Over time the bar on your chainsaw can warp and become damaged, when this happens you need to replace the bar to ensure you can safely use your chainsaw. Using a chainsaw with a faulty bar could end in not only damage to the machine but also injury.
In this guide, we show you just how easy it is to replace the bar on your chainsaw and in the process we are also going to change the chain also. If you also want to change your chain you’ll need to make sure along with the bar that you select the correct size for your appliance.
When selecting which chain you need always make sure you purchase the correct size as these cannot be shortened or extended. To measure, take a measuring tape and from the base of the bar to the nose you’ll have your chain length. Or you can count the number of drive links that spread out over the chain, these are the links on the inside of the chain which slot into the bar.
Once you have got the correct bar and chain you can now begin.
This video shows an example on how to remove or replace the part on a typical chainsaw, some models may be different but the procedure should be similar.
What You Will Need:
Step 1 - Safety Advice
Usually, this line will be basic and small however because of how dangerous chainsaws can be even when not in use it is recommended to take precautions. When beginning any work disconnect the spark plug as this will instantly stop any possibility of the machine from starting up.
Step 2 - Removing the Bar & Chain
To begin you first need to locate the two nuts which hold the clutch cover in place. Using a socket, remove the nuts and put them to one side - to remove the chain you need to push the bar in. This will then allow you to take the chain off, along with sliding the bar off the chainsaw.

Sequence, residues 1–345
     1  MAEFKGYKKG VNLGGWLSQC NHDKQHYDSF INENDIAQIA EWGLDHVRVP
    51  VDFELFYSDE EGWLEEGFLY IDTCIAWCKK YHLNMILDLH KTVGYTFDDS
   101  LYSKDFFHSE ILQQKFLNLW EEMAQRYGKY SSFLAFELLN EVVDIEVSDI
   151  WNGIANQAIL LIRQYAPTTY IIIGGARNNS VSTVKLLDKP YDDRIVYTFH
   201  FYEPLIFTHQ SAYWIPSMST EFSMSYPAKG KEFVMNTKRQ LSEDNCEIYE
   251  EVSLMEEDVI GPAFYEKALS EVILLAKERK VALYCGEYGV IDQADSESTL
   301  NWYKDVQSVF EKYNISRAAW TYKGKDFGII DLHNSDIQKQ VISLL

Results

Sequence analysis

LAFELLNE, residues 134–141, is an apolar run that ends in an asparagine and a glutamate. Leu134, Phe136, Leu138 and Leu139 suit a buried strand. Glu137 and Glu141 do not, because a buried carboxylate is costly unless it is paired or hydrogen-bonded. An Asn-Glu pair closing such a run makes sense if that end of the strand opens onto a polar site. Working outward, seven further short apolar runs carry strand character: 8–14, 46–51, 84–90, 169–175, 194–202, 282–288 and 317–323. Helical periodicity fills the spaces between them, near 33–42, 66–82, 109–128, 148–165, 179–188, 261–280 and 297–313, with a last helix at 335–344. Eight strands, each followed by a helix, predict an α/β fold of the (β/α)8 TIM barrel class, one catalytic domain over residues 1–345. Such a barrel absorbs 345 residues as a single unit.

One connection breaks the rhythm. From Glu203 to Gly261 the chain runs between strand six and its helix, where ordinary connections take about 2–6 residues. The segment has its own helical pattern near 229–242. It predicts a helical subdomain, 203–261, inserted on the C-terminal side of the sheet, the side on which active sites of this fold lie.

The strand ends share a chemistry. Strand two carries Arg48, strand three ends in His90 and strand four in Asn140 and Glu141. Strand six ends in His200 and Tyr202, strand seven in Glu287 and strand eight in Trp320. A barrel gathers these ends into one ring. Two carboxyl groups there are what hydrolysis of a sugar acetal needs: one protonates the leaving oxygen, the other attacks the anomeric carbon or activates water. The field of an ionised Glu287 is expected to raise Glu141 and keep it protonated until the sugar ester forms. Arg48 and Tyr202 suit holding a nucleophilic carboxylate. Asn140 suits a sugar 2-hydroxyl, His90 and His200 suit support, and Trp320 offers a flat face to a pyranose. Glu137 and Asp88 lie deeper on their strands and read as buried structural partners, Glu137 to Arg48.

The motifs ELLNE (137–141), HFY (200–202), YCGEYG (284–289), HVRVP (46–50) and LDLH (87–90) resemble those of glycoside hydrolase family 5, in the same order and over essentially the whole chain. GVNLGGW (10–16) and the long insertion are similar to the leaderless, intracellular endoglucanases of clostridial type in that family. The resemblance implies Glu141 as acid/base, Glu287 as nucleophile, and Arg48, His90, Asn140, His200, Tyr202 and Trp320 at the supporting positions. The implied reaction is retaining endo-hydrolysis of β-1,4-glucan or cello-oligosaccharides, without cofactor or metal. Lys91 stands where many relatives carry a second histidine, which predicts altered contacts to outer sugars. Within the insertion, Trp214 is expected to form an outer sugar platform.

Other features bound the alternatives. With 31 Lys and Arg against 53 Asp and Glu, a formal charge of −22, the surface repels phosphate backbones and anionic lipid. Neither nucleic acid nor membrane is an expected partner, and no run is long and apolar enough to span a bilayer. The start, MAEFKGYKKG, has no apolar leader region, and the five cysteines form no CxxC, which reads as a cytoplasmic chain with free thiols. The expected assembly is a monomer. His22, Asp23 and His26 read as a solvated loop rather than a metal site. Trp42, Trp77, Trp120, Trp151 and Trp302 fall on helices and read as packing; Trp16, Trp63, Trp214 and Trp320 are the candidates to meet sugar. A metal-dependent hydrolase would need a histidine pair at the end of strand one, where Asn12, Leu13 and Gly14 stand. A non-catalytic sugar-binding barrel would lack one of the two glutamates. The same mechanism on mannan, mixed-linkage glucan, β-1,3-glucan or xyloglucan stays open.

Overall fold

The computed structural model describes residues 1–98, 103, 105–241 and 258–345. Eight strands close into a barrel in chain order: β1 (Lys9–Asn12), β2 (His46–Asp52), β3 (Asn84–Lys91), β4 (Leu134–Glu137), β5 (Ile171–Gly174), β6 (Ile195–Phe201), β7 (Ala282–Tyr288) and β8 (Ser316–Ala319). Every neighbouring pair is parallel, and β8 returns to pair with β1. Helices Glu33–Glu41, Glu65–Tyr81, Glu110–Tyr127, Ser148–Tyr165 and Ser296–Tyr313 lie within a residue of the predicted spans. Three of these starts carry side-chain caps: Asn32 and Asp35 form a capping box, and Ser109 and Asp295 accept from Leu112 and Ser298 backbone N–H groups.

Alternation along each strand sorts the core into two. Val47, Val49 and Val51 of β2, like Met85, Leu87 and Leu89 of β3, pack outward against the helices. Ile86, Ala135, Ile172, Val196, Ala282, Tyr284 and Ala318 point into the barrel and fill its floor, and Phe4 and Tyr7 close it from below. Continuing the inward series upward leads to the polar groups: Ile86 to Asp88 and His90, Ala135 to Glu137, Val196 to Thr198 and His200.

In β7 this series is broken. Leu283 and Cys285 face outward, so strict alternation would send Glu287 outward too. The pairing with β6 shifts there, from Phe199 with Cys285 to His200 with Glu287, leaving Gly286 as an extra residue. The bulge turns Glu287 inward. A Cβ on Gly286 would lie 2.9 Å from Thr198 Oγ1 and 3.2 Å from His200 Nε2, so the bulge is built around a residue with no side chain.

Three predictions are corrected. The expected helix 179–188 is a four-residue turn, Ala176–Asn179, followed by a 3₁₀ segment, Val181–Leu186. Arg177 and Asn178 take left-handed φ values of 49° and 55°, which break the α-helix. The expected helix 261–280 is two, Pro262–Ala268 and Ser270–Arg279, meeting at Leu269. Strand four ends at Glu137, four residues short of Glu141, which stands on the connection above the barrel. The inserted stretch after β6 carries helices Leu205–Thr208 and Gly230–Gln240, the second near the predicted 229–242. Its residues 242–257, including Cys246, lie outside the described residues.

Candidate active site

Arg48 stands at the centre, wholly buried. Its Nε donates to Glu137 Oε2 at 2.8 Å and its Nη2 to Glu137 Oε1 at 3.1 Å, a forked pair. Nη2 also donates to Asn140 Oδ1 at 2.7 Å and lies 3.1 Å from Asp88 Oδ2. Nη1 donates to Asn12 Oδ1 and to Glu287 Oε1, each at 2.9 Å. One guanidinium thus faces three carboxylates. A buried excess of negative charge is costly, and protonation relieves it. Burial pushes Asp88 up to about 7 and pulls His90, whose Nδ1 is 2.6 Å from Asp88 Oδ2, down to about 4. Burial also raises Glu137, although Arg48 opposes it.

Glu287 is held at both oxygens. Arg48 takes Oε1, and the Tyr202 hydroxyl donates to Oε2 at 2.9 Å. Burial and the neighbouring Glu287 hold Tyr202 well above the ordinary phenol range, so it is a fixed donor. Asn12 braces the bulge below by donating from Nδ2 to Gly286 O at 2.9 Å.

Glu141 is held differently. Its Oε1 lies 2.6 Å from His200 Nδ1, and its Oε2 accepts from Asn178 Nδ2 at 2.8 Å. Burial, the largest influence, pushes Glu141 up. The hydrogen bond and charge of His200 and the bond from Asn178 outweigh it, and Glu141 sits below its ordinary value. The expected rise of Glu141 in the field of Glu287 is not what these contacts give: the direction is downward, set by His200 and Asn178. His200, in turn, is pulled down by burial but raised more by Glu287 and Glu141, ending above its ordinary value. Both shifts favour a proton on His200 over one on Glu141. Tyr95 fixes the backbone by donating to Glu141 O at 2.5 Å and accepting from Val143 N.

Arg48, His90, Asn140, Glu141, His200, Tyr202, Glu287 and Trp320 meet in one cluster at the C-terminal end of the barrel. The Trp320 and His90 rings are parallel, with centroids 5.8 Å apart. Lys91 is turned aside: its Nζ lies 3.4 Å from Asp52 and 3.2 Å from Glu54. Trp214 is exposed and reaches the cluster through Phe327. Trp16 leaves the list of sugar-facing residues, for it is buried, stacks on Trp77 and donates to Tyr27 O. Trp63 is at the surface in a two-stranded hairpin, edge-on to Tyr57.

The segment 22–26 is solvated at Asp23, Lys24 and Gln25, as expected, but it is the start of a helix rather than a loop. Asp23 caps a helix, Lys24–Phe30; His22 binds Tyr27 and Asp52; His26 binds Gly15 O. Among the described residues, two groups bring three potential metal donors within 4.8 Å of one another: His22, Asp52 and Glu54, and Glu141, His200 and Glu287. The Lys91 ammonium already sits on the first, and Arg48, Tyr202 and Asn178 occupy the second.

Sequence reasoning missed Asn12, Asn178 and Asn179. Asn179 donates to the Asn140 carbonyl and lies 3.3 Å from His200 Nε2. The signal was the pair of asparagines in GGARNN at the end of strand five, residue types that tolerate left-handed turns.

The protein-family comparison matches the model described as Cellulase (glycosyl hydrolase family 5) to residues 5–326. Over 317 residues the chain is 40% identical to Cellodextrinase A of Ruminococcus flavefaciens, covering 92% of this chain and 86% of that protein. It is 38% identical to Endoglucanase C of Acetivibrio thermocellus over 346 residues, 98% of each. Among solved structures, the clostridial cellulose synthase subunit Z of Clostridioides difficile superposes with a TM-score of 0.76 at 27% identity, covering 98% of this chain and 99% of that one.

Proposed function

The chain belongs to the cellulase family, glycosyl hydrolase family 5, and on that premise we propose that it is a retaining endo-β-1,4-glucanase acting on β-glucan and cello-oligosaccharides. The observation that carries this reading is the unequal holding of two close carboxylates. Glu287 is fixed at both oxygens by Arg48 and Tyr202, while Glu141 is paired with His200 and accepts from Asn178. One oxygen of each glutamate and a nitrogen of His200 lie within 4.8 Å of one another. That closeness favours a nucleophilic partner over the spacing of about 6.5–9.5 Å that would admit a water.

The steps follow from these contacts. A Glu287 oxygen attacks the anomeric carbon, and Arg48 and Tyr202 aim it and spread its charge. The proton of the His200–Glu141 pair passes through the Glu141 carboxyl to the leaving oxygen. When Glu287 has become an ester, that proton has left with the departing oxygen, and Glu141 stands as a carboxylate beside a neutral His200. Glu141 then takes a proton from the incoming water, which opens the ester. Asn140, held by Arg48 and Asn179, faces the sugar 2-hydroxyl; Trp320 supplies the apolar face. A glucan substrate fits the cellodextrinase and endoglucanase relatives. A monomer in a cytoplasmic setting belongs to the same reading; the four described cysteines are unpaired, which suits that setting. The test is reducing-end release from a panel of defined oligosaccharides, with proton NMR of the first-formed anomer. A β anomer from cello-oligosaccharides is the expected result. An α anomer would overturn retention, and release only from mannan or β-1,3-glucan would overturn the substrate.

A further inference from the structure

With the clutch cover removed it is recommended to give the area a good clean, you may notice that it has a build up of dirt and debris. Also, make sure the chain break is clean and clear and has no damage.
Step 3 - Fitting the Chain Bar & Chain
Next, we are going to replace the chain bar. Insert the new bar and once its in position, you can now look at replacing the chain.
To ensure you have the chain facing the correct position you need to face the blade links, which are the sharp edges of the blade pointing in the direction it’ll turn. This will be along the top and over the edge. Once you’re happy the chains in the correct position you can now hook it over the sprocket and make sure you now feed the drive links into the groove on the bar.
Step 4 - Applying Tension to the Chain
We can now start to put the chainsaw back together and we can begin with the now clean clutch cover - however, make sure you line the adjustment pin first making sure it’ll line up with the hole on the bar.
Once in place, you can now loosely tighten the nuts so that it holds the cover in place but does not secure it completely. You can now adjust the bar to set the correct tension - to do this you just need to tighten the screw which is positioned on the side of the bar.
So how tight does the chain need to be?
Looking at the bottom, you’ll see the cutter links, and the ones in-between, the tie-straps should just be nicely touching the bottom of the bar. If you pull the chain down slightly it should spring back up and another quarter turn on should fit it perfectly.
Once you're happy with the tension you can take your socket and tighten the nuts so they are nice and tight.
Step 5 - Generously Lubricate the Chain & Bar
Before we are finished you will want to lubricate the chainsaw, chain and the bar; the chainsaw should have an oil reservoir, simply unscrew the cover and pour in the lubrication oil.
Next, you want to locate the tiny hole on the end of the chainsaw bar. You can either pour the lubricant or using an oil to get the oil in that hole. Then taking an old cloth you can spread the lubricant over the chain, ensure you give the chain a good coating of oil. This will allow the chain to turn smoothly when in operation.
And finally - if you disconnected the chainsaw by the spark plug make sure you reconnect it and away you go.
There you have it! You’ve just successfully replaced a blunt blade and damaged bar onto your chainsaw extending the overall lifespan. Many may consider scrapping the machine and replacing it however this is a waste of money especially when you can replace it so easily.